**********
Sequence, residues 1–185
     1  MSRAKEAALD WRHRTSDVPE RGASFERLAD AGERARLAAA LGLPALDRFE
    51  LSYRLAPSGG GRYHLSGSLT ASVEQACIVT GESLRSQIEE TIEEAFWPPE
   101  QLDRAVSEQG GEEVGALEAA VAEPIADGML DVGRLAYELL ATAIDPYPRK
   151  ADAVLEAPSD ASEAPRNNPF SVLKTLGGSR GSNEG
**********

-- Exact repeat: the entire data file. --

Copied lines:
Sequence, residues 1–185
     1  MSRAKEAALD WRHRTSDVPE RGASFERLAD AGERARLAAA LGLPALDRFE
    51  LSYRLAPSGG GRYHLSGSLT ASVEQACIVT GESLRSQIEE TIEEAFWPPE
   101  QLDRAVSEQG GEEVGALEAA VAEPIADGML DVGRLAYELL ATAIDPYPRK
   151  ADAVLEAPSD ASEAPRNNPF SVLKTLGGSR GSNEG